His book, penned alongside experienced basketball ghost-writer and free spirit Charley Rosen, is therefore a very entertaining read. In fact, it's one of the books I've most enjoyed going back to pick up in recent times. It's lightweight, honest, good for a chuckle and well worth a read.
At the same stage, it's also hardly a work which will truly describe the NBA's Dark Times to younger generations with the appropriate reality. While it ploughs head-on into drug use - especially the casual stuff of Dawkins and the sadness of teammate Micheal Ray Richardson's addiction - it also presents most authority figures as broken men trying to compensate for a lack of control.
In fact in places, it appears as if Dawkins - always the most likeable of souls - is simply unencumbered with an accurate version of reality. The rate at which he bitches about referees and - without the same malice - most of his NBA coaches enlightens the reader as to why he wasn't the All-World player his talent said he should have been. While refs did perhaps victimise DD (kiiiiind of), he was a notoriously bad defender and bought up-fakes like they were Internet futures in 1996.
Some inaccuracies, like "Fast" Eddie Johnson being dead, or Micheal Ray Richardson embarrassing white Point guards like Mark Price (whose NBA career only barely overlapped "Sugar's") can be put down to poor editing. Others can only be thought of as fallacies brought about by a combination of ego and a grasp on reality which perhaps occasionally slips, unhelped by the cocaine he freely admits to taking during his playing days.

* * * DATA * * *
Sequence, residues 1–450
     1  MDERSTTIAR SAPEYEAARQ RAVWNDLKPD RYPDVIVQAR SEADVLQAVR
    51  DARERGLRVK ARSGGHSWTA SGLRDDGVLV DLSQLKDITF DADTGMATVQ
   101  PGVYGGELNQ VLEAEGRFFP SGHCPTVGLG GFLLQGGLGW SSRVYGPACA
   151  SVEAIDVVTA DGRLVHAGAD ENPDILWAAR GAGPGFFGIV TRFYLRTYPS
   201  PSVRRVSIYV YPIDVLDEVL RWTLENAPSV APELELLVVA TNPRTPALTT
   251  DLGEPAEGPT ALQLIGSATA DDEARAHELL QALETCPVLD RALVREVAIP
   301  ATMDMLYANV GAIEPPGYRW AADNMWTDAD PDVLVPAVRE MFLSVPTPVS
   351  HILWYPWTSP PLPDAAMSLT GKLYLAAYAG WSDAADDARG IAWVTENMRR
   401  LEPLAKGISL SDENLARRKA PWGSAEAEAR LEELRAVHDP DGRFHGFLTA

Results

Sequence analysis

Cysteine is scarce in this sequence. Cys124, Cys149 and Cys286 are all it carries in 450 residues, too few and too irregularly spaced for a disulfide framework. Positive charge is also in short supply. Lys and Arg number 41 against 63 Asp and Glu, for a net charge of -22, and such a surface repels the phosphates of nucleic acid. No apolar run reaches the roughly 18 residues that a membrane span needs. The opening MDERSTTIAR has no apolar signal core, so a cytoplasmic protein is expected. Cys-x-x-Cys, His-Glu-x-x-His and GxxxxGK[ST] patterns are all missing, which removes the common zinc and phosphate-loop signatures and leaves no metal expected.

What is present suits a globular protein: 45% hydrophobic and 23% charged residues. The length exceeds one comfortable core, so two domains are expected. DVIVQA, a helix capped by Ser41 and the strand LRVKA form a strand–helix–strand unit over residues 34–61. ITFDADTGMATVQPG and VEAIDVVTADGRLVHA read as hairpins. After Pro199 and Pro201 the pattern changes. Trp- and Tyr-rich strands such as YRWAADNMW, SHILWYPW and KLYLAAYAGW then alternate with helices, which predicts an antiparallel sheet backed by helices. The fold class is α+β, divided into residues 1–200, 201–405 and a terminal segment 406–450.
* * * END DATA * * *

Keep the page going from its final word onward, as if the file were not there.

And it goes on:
Despite the obvious ego, there's a real sense that Darryl Dawkins loves life, no matter how hard it has occasionally gotten for him. In fact, he comes off as a really admirable guy, which in itself is testament to his likeability. For his words to burst off the page as they do, the reader is left not only with a sense of DD's conviction, but also of his irrepressible joy. Naming dunks, sleeping with maybe 1000 women and enjoying coaching as much as he does are all signs of la joie de vivre. And Chocolate Thunder's got that in spades.
Darryl Dawkins is a fascinating man and in some ways it's a pity he's chosen to deliver such a lightweight memoir. In other ways, however, apart from his physical size, Dawkins is a man driven by levity. That in itself makes this book about a "coodabeen" well worth the 220-page read. Recommended, but only if your knowledge of basketball history doesn't object to occasional inaccuracies. Tennis balls.